This is very short-sighted thinking.
What's the difficulty in creating a larger retina display?
As I said, the technology for handling huge floats of glass, and growing very large (and flawless) arrays on them, whether LED or LCD, is now commonplace. It's not like fifteen years ago, when one just had to accept that LCD screens came with a few flawed pixels.

What is better to say is that no-one has publicly demoed a retina-class display in that form factor, not that they don't exist. As I've said, I suspect that they exist today --- at companies where Apple has bought up all the supply and current production. I know this sounds conspiracy theory, but that's not my point, I'm just making obvious extrapolations.

I mean, it's not like we were all aware that retina displays were possible before iPhone4, were we?


By kmmatney on 3/4/2011 7:23:13 PM , Rating: 4
I generally agree with you, but it makes sense for Apple to go with the existing display a while longer. Developing the current 9.7" IPS display took time and money, and only keeping it for a year would not make financial sense. In general, they are OK with their current display for now, and will get the best return on investment that way. I'm sure they have a higher resolution display in the works.


By tim851 on 3/5/2011 11:11:40 AM , Rating: 2
quote:
What's the difficulty in creating a larger retina display?


Price, most likely.

It's like asking why not every laptop has an aluminum unibody or carbon-fibre enclosure, a quad-core CPU, 8 gb of memory, 2 tb of ssd space and an OLED-display. The technologies are there, but the price would be off.

Apple doesn't manufacture displays. It buys them from somebody. Smartphones have been the riot for a couple of years now, so somebody just developed a retina 4" display, being quite certain that some smartphone manufacturer is gonna take it off their hands.
The Tablet boom (dare I say 'bubble') started 9 months ago. I'd say no sooner than 9 months ago did some display manufacturer think: "Maybe we should develop a 10" retina display."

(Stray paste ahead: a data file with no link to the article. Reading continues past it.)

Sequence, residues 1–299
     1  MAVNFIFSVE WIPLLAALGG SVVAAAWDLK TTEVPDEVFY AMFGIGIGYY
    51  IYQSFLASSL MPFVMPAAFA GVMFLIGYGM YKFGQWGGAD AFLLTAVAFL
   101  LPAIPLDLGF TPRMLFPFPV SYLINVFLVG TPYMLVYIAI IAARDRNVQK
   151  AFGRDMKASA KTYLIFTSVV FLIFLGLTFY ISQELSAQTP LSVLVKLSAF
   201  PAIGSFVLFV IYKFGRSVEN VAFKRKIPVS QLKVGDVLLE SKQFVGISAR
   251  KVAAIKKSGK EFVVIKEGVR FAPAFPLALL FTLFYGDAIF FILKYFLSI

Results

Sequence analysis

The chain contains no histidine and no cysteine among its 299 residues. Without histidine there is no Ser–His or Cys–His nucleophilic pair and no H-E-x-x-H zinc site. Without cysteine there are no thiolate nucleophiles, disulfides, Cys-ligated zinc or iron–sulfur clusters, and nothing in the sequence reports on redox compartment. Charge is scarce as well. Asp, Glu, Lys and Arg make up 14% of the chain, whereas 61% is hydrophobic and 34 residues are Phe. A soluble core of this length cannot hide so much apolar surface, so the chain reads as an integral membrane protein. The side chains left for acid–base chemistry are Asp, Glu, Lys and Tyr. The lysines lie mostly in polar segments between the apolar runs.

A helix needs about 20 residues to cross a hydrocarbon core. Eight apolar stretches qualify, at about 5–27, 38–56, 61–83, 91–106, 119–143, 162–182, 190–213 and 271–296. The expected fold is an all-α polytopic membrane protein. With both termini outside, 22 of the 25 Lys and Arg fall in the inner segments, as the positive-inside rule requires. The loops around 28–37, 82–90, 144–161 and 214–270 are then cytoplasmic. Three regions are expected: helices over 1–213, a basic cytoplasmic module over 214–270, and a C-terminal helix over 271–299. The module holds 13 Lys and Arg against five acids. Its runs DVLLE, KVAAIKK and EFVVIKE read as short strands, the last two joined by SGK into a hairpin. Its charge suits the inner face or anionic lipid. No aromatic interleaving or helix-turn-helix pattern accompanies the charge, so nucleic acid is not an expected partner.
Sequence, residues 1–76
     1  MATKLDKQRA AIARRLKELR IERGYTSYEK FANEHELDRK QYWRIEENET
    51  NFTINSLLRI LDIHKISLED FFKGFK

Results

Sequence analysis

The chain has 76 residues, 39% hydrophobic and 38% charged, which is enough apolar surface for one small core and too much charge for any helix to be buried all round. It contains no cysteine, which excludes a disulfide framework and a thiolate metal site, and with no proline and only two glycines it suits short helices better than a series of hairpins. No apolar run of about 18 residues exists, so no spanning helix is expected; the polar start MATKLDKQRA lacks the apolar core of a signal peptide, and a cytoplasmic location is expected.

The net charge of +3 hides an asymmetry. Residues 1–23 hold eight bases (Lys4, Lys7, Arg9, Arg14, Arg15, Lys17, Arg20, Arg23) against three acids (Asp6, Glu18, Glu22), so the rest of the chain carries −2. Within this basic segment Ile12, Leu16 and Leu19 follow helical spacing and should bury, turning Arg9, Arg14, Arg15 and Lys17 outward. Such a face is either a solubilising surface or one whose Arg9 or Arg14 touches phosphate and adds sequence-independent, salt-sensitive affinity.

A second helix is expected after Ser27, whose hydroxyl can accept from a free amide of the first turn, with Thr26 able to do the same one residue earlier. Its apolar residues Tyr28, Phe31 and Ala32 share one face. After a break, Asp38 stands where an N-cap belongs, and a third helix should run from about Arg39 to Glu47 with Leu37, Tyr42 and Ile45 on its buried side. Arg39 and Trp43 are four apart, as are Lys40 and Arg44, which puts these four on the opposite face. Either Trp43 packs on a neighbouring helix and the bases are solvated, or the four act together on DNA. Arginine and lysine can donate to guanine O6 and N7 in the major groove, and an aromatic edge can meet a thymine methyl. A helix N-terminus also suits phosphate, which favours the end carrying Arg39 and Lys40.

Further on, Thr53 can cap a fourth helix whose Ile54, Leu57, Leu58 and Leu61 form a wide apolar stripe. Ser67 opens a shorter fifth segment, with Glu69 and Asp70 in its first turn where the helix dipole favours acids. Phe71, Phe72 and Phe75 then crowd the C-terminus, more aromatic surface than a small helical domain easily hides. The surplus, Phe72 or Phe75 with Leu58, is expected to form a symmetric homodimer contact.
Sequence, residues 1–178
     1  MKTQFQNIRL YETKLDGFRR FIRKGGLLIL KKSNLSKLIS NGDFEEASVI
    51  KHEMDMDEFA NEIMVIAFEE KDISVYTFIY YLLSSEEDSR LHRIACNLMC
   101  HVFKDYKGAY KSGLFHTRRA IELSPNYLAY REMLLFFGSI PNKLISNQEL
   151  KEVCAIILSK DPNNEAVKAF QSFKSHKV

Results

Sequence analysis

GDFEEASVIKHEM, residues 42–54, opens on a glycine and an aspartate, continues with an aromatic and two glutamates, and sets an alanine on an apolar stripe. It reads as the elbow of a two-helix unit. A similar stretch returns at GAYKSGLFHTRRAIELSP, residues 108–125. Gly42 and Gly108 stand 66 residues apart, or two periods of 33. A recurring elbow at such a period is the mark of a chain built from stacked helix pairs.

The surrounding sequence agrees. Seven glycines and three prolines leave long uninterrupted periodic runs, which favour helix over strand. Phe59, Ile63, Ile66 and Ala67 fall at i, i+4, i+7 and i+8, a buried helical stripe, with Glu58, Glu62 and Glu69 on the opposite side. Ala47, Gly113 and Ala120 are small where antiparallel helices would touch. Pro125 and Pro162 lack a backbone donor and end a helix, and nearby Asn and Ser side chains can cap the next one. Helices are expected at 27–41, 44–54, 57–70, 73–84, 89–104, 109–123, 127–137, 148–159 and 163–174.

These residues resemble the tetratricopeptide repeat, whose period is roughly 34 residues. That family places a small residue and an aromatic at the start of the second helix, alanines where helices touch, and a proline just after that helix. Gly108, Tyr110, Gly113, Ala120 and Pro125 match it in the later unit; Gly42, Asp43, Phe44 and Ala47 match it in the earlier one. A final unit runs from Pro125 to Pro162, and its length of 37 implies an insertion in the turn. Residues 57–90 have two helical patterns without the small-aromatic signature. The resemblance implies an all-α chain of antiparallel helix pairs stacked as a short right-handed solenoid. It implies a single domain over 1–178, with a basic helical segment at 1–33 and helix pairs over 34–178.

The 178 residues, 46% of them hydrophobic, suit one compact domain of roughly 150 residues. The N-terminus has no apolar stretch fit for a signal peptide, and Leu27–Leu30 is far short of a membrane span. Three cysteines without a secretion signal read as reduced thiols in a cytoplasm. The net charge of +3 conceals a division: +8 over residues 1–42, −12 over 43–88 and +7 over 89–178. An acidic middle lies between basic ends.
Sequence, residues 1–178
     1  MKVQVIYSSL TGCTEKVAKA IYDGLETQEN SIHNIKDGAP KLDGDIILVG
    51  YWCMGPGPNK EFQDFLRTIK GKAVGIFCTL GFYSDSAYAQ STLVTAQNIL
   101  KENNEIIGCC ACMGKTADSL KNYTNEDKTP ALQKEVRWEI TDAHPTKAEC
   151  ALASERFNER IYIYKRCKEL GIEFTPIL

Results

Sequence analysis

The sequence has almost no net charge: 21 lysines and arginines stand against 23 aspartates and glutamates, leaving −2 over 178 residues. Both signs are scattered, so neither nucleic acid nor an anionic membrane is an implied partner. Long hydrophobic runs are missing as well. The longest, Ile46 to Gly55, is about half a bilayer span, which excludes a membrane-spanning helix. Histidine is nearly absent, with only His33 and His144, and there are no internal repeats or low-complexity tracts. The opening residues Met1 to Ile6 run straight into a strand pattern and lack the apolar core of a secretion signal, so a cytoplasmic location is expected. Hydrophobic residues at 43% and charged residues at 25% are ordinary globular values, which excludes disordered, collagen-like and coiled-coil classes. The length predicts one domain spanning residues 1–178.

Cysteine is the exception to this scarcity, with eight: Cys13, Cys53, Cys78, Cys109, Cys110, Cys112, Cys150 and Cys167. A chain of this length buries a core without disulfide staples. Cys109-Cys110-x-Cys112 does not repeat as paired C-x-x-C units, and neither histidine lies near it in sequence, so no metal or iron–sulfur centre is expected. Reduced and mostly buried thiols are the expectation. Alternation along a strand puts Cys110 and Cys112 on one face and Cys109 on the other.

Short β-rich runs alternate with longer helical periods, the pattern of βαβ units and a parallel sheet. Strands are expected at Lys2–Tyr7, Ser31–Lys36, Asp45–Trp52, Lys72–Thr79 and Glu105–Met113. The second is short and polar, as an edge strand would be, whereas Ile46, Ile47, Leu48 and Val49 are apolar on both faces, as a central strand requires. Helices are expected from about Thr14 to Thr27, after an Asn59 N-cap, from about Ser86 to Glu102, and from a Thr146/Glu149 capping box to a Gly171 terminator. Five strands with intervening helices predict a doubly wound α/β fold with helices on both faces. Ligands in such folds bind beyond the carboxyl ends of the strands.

Maybe it's production ready now, but Apple had to finalize the iPad 2 specs some months ago and after the fiasko with the white iPhone (and previous fiaskos like mobile G5 processors from IBM), they could have very reasonably though: nah, demonstrate the ability to produce 10" retina displays in large volume first.

Of course, it's entirely possible that Apple just keeps them back to have something of noteworthyness in 7 months, when the iPad 3 is rumored.


By cheinonen on 3/7/2011 12:30:21 AM , Rating: 2
The difficulty for a larger retina display comes from yield. Apple probably sets a limit of 1 or 0 bad pixel for a display on an iPhone, and would need something similar for an iPad. The iPhone has a 3.5" display, and getting to an iPad size display means around 8-9 times as much screen area. Say when they produce these retina displays for an iPhone you have 10% flawed, and then you pay $50 to make each. So, a group of 90 screens will have 9 bad ones, and will cost $4,500 to make, with a net cost of $55.55 per screen.

Now move up to a screen much larger, and keep that same defect rate. Suddenly if you make 10 screens (since they need 9 times the area), and get bad pixels at the same rate, because of the larger size you're going to wind up with 80% or so of those screens having a flaw. So, same $4,500 to make, but you get two good screens out so they're only $2,250 each.

Larger size screens have much larger defect rates typically, and so the much larger prices associated with them. It's why going from 42" to 50" on a TV might be $200, but going from 50 to 65" can be a couple thousand of dollars, because the yields are so much worse. I imagine once Apple can get good yields and costs, they'll put the screen into an iPad.


By KoolAidMan1 on 3/4/2011 11:53:26 PM , Rating: 2
Higher pixel density displays are already in iPhones and iPod touches. Apple buys IPS and custom IPS displays in such high volume that they have tremendous power in negotiating lower component prices, which means that it won't increase the prices of a higher res iPad when it finally does come out.

If the iPad increases its pixel density, it will likely double on the x and y axis in order to ease application compatibility. That is what they did going from the older iPhone display to the iPhone 4.

The main thing holding the iPad back from doubling its pixel density to 2048x1536 (wow) is the SoC. Once they can drive a display of that resolution without compromising performance, heat, or battery life, you'll see that display in an iPad.

Based on how quickly SoCs are improving, I reckon we'll see it in a year.


By snakeInTheGrass on 3/5/2011 11:22:02 AM , Rating: 2
Yep. Retina display will be a potential game-changer for reading, particularly if they get some of the new LCD tech that apparently handles visibility in sunlight better. A lot of people think the current screen is really nice - and it is in terms of color, viewing angle, brightness... but NOT if you are using and iPhone 4 as well and then move over to the iPad. iPad is way more comfortable for surfing / games / whatever, but it's definitely low-res looking after coming from the phone.